Bronze finds put prehistoric leather-workers on map called chisels, as they often still are. But as long ago as the 1940s some archaeologists questioned this attribution, saying the blades were too thin for working wood – from as little as 2mm to a tenth of a millimetre. The blades are always worn from use and resharpening, and often damaged.
Boughton says their identification as leather-working knives “makes a lot of sense” when they are compared with medieval heraldic symbols. Such a knife, for example, was the centrepiece of Aberdeen’s 17th century shoemakers’ guild (see illustration), and a similar single-edged tool – known as a Sattlermesser or Halbmondmesser – was in the coat of arms of the medieval German equivalent. Modern leatherworking knives, known as “head knives” or “saddler’s knives” (see photo below), are also comparable.
Left: Bronze leather-working knives from Penrith, Cumbria (top) and Fincham, Norfolk Below: Two of four bronze knives from the Leckwith hoard, Cardiff, found in 1928 (lengths 6cm)
Last year two metal detectorists searching 230 miles apart from each other, found two similar but rare objects. Made over 2,500 years ago from copper alloy or bronze, with a hollow socket for a wooden or bone handle and curved, triangular-shaped blades, they are thought to be leatherworking tools of a type that is still in use today.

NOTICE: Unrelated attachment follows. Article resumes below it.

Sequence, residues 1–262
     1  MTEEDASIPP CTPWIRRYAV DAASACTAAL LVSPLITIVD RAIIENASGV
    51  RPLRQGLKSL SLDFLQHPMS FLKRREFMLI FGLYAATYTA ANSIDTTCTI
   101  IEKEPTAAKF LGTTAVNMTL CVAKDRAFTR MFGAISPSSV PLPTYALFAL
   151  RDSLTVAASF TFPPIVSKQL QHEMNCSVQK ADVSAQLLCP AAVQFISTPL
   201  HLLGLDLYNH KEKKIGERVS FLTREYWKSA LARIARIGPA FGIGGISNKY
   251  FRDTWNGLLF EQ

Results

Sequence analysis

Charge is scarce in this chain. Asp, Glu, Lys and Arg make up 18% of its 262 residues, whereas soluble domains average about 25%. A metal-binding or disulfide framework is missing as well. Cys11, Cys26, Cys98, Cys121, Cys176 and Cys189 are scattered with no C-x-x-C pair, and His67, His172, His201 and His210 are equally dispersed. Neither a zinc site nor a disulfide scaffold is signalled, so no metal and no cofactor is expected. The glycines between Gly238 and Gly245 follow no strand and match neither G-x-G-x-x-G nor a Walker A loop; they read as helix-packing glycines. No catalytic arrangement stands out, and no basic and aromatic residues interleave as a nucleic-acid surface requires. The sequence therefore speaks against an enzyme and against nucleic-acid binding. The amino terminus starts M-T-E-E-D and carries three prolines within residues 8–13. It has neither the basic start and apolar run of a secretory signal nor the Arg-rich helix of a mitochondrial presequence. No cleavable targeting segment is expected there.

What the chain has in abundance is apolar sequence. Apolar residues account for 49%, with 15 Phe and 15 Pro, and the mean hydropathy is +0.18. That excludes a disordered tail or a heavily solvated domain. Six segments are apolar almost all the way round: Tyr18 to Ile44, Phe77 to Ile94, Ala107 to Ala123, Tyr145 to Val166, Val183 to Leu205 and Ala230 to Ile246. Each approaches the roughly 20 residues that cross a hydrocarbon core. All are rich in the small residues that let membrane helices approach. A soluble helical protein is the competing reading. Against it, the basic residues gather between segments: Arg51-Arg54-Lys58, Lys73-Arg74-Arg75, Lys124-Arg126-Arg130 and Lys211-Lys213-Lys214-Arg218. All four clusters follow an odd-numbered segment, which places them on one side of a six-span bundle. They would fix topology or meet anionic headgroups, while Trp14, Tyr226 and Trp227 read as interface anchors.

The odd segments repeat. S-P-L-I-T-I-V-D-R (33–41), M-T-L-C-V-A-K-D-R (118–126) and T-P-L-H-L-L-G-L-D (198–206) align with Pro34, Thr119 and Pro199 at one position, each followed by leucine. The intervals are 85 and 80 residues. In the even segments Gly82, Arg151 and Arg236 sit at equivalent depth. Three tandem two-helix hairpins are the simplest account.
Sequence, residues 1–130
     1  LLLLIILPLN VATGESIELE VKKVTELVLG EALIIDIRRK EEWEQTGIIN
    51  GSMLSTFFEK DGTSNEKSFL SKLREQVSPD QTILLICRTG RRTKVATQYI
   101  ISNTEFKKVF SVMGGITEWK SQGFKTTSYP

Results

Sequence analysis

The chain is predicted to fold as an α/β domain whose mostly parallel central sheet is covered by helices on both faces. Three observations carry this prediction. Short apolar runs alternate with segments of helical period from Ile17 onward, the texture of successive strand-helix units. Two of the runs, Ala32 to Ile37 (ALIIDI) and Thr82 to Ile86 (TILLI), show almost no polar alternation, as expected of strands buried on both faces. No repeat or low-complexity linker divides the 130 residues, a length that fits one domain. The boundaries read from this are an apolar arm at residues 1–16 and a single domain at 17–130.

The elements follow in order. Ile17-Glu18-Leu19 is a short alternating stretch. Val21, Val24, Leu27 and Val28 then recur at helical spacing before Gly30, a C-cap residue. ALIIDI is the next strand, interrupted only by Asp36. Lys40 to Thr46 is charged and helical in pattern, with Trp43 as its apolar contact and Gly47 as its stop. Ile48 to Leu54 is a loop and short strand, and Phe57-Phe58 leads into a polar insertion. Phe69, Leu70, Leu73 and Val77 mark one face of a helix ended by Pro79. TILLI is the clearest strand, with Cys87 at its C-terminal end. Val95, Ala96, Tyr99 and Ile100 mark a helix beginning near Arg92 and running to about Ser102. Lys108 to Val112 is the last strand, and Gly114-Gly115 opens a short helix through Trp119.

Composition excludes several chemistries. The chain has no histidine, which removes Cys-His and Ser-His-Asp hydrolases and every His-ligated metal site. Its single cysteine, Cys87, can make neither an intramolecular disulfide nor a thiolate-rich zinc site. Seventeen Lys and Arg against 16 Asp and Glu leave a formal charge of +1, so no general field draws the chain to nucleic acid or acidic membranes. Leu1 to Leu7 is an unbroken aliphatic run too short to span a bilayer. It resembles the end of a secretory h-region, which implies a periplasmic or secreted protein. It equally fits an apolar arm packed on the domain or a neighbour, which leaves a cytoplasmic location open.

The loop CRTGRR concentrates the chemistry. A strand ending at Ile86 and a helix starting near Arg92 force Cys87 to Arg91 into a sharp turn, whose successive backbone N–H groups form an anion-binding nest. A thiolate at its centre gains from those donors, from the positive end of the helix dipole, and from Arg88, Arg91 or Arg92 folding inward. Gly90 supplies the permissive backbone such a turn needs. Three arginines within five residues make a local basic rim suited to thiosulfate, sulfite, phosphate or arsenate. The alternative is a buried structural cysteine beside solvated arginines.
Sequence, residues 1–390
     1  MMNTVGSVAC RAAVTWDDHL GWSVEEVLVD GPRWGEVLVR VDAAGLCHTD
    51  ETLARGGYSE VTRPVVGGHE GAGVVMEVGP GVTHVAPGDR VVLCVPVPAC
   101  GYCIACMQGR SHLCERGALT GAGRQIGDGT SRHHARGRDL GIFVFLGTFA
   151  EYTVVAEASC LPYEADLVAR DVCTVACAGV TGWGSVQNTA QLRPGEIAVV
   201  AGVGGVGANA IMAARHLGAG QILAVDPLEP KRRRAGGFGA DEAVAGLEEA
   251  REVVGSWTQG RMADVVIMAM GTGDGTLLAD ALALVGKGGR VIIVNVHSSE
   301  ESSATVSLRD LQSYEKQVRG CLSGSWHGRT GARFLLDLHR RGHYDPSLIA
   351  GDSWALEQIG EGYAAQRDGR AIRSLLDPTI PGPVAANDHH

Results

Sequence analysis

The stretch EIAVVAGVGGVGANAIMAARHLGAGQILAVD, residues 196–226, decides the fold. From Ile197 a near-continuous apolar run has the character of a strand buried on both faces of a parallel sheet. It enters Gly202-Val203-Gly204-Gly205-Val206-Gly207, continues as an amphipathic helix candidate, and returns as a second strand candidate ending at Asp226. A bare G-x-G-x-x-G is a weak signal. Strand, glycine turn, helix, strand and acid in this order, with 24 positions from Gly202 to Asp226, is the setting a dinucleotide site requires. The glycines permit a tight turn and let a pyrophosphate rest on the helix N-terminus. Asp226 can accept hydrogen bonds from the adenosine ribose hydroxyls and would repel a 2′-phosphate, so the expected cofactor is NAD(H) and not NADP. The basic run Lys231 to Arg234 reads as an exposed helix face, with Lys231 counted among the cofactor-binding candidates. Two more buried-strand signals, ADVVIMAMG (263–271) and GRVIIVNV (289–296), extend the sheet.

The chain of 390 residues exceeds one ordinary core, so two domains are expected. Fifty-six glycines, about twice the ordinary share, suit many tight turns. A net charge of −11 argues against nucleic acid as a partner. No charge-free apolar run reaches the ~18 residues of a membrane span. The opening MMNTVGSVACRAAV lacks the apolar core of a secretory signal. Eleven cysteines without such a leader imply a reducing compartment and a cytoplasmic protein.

One was found near Penrith, Cumbria, and the other near Fincham, Norfolk. They were reported to the local finds liaison officers (FLOs), who recognised them as knives dating from the earliest iron age (800–600bc). As with much of the material shown to the Portable Antiquities Scheme, says Dot Boughton (FLO for Cumbria), identification was not immediately obvious. Just ten specimens are now known from the UK – none from Scotland or Ireland – and they are rare too on the continent.
The earlier finds include one each from Staffordshire and Mildenhall, Suffolk, and a total of six from early iron age hoards (four from Leckwith Moors, Cardiff, and one each from Netherhampton, Wiltshire and Ferring, West Sussex). Similar-looking tools from the preceding late bronze age are far commoner, across Britain, Ireland and much of France. These have a solid tang for hafting instead of a socket, and it is assumed the one evolved into the other. Once the iron age began, however, the manufacture of bronze tools decreased rapidly, wrought ironwork displacing the cast alloys.
These knives were traditionally
Boughton suggests the early iron age knives were a key piece of kit for saddlers and whipmakers – professions connected to horses, horse-drawn carts and carriages or chariots. Other bronze artefacts clearly related to the use of horses and carts are very common in some early iron age hoards
The knives from Cumbria and Norfolk were returned to their finders after recording.
Above: Modern leather-working tools, including a saddler’s knife with a blade similar to the prehistoric examples Left: Detail from a 17th century crest for a shoemakers’ guild in Aberdeen, with a leather knife under a crown
British Archaeology|May June 2012|7